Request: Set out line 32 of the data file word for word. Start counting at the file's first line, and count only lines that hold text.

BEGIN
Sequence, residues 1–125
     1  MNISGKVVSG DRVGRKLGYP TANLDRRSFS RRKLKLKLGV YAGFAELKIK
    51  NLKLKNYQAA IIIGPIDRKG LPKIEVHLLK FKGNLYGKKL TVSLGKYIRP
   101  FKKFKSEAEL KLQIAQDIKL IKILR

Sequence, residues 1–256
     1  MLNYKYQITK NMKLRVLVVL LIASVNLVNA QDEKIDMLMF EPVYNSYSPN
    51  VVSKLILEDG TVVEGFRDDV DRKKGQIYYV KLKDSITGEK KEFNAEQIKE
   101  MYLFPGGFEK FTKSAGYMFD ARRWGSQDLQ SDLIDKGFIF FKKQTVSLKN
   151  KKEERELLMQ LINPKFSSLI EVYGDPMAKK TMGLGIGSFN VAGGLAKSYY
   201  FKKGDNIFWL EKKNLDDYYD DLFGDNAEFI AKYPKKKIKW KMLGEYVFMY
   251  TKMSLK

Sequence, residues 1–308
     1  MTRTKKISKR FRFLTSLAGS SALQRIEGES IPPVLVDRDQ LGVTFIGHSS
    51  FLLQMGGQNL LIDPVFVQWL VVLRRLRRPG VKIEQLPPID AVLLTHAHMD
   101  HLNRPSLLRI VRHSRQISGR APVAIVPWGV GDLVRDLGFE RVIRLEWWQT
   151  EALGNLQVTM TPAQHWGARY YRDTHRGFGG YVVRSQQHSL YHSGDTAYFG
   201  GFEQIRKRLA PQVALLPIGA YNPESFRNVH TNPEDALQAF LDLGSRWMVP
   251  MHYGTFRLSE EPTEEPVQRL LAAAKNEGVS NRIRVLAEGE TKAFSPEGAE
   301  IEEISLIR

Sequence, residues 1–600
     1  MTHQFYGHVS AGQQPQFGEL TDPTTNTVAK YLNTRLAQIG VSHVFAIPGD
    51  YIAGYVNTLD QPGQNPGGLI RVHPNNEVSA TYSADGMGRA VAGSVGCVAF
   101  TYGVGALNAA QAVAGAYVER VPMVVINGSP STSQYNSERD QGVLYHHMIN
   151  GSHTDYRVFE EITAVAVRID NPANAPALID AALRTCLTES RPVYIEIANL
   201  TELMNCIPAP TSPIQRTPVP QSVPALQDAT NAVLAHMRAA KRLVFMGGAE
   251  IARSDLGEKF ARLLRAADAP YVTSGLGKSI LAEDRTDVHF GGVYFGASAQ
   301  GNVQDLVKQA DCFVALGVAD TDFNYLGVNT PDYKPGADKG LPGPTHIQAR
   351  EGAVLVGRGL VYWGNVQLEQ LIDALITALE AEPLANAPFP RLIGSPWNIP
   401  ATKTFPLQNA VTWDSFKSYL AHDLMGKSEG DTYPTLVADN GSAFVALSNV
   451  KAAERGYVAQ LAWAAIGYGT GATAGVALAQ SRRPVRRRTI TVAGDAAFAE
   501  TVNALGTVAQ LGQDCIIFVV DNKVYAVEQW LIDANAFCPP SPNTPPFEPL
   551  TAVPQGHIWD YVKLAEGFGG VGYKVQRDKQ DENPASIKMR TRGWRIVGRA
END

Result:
   551  TAVPQGHIWD YVKLAEGFGG VGYKVQRDKQ DENPASIKMR TRGWRIVGRA